FMCSA Funding Study of Truckers' Restart Breaks, Fatigue
VTTI reported that Hanowski and his team will recruit about 250 truck drivers from fleets of various sizes -- long-haul, short-haul, and regional -- for the on-road study and will compare five-month work schedules of drivers.
The Virginia Tech Transportation Institute announced it has begun a study of the impact of restart breaks on commercial truck drivers' safety performance and fatigue levels, part of a $4 million study for the Federal Motor Carrier Safety Administration. The breaks are required by the hours of service regulation, but a federal government spending bill enacted Dec. 16, 2014, suspended two provisions of those rules, pending the completion of a new commercial motor vehicle driver restart study.
FMCSA selected the institute's Center for Truck and Bus Safety to lead the Commercial Motor Vehicle Driver Restart Study. The institute will track and compare truck driver fatigue and safety performance levels for drivers who take two nighttime rest periods during their 34-hour restart break and for drivers who take less than two nighttime rest periods during their restart break.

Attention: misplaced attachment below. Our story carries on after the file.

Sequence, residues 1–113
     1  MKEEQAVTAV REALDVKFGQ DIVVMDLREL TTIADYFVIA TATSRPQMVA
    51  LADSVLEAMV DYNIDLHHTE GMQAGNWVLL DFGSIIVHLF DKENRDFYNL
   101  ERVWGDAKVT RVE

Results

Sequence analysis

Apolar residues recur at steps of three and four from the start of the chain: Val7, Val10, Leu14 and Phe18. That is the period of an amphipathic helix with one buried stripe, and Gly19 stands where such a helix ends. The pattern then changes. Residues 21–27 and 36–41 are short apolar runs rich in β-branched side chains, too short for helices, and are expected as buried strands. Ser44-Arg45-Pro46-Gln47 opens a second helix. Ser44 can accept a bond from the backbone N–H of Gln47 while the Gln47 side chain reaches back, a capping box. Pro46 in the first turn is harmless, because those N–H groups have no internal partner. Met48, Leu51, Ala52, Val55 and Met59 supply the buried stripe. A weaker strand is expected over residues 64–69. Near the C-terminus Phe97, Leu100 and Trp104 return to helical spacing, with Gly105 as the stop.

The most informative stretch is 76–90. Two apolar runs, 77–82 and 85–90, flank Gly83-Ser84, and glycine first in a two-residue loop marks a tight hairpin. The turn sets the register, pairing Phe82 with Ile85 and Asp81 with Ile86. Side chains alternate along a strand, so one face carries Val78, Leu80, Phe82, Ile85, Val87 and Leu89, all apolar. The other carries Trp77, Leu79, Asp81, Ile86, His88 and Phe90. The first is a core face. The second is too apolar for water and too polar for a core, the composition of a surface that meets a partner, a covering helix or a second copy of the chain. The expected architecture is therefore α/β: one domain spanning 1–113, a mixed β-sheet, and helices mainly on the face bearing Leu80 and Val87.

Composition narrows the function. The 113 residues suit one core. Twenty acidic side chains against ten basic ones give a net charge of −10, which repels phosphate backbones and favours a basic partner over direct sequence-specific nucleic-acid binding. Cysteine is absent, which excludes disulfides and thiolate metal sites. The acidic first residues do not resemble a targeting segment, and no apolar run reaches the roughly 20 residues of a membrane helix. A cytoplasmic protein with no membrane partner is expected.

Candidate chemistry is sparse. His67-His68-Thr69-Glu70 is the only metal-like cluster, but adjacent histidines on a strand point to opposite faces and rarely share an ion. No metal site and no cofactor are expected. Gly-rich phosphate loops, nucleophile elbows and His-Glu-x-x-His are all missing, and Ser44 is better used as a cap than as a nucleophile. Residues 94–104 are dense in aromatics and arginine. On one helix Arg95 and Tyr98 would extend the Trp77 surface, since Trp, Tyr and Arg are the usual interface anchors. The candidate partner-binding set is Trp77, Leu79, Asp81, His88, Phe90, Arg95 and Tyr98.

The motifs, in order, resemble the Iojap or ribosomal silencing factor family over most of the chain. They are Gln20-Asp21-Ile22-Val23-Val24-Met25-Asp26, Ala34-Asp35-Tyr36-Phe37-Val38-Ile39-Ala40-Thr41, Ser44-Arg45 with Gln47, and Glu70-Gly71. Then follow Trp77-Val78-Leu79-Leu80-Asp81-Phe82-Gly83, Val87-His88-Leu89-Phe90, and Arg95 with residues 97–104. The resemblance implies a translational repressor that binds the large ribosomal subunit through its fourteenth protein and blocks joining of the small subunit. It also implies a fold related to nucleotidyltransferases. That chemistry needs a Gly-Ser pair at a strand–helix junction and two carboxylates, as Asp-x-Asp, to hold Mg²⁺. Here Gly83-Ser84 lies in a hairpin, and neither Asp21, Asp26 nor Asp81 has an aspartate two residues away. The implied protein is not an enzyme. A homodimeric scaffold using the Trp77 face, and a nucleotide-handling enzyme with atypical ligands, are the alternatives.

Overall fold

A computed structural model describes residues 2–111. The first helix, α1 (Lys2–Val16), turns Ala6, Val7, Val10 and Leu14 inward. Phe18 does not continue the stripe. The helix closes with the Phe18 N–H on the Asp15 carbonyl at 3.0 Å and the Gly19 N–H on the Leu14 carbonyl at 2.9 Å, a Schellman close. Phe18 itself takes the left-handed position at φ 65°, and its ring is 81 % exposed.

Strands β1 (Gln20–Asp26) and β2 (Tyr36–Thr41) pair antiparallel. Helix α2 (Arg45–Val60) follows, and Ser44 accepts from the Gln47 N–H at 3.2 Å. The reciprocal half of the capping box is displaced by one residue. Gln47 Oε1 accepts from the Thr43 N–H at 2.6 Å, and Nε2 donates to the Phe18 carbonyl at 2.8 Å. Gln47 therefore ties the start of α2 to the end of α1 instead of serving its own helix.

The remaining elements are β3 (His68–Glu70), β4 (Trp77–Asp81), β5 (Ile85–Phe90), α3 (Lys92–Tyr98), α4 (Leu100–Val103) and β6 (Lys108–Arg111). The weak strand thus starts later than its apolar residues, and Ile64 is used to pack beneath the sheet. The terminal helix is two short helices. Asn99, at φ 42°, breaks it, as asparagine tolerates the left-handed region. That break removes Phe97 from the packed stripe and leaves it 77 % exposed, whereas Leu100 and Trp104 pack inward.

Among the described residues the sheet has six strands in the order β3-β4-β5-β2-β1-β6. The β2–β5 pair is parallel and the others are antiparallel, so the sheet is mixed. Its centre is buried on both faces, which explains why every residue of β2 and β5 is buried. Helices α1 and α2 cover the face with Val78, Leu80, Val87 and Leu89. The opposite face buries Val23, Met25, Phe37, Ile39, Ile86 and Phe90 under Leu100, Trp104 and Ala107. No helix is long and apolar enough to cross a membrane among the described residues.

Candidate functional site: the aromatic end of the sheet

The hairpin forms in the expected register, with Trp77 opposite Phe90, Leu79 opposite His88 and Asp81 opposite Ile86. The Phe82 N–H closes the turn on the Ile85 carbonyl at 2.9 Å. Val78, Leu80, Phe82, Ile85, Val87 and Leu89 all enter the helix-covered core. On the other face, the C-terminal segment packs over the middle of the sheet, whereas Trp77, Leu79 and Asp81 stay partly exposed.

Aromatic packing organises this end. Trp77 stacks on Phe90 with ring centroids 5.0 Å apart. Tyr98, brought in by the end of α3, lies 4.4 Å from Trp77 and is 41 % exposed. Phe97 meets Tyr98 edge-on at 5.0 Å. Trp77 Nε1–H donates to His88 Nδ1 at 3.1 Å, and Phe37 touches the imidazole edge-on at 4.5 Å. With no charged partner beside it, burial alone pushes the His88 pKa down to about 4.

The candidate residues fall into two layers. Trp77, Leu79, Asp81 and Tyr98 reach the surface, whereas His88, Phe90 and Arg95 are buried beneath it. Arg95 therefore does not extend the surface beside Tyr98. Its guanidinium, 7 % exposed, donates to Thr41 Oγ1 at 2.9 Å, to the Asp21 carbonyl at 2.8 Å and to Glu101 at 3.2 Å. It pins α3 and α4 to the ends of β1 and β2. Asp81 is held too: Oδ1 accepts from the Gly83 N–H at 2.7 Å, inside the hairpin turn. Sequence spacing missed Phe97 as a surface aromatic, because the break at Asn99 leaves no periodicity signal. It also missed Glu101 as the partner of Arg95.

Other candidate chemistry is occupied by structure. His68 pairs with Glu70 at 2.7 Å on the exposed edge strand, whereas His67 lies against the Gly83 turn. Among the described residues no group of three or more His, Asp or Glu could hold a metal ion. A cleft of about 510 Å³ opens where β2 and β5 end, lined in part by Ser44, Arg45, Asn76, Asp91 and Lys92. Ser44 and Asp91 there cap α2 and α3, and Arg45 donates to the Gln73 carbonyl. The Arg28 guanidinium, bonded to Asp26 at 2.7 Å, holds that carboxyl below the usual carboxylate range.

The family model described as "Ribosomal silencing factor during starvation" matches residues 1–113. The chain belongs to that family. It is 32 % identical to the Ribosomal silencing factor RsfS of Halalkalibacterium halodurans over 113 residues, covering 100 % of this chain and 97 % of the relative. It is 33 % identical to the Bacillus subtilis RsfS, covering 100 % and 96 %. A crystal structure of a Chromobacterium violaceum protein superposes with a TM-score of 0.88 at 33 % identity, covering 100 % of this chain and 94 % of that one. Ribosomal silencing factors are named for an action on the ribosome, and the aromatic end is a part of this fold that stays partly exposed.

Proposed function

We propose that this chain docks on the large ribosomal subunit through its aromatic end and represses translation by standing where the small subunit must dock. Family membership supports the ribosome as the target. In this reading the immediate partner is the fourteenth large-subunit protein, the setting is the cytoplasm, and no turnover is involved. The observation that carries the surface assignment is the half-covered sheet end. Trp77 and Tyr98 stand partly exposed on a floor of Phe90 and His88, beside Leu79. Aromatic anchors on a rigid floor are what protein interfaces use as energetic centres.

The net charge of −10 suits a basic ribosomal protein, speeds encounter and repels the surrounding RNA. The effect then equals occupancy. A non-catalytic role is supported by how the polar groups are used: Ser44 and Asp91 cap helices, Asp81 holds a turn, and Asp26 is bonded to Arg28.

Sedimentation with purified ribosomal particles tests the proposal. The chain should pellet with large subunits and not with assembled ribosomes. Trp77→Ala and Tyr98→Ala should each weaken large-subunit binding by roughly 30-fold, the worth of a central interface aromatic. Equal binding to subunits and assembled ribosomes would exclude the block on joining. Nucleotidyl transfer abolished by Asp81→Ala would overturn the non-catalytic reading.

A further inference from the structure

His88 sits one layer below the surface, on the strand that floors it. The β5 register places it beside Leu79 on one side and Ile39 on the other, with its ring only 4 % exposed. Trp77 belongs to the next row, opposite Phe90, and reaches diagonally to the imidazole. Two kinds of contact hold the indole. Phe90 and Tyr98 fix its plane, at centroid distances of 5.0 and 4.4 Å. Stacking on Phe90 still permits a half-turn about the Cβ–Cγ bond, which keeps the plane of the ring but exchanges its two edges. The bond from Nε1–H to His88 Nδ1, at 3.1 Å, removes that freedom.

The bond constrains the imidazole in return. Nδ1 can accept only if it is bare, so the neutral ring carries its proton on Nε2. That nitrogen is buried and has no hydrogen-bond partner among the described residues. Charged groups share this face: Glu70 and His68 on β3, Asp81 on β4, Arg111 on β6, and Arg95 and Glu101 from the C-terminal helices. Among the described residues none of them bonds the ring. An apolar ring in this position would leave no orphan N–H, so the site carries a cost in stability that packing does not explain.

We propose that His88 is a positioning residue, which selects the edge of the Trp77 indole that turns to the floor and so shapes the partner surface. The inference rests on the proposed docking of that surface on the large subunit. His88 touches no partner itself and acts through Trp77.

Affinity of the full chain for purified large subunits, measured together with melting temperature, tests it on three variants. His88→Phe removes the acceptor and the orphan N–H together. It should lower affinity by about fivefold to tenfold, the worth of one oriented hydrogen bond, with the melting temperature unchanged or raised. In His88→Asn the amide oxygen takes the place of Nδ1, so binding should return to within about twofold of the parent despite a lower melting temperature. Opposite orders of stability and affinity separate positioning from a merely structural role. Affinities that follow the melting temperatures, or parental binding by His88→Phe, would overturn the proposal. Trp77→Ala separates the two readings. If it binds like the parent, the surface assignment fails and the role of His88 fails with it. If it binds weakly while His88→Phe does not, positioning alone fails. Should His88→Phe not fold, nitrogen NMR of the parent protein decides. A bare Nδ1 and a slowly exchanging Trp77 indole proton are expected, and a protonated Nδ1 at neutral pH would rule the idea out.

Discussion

"We are excited by the opportunity and have assembled a world-class team to lead this landmark study mandated by Congress," said Richard Hanowski, director of the safety center. "A better understanding in which the new hours of service provisions are being implemented by drivers, and to better quantify fatigue and the relative road safety risk is an extremely important issue for highway safety. We have an opportunity to perform ground-breaking research that will have impact for decades to come."
VTTI reported that Hanowski and his team will recruit about 250 truck drivers from fleets of various sizes -- long-haul, short-haul, and regional – for the on-road study and will compare five-month work schedules of drivers, assessing crashes, near-crashes, crash-relevant conflicts, operator fatigue/alertness, and short-term health outcomes for the two driver groups.
The research plan includes a variety of haul types in the study, including flat-bed, refrigerated, tanker, and dry-van trailers. "Our Truck and Bus Safety center is well-suited to lead this research based on past work we have done in this field," said Hanowski. "We have coordinated similar projects that were smaller. This will be the largest study of its kind ever performed using commercial vehicle drivers."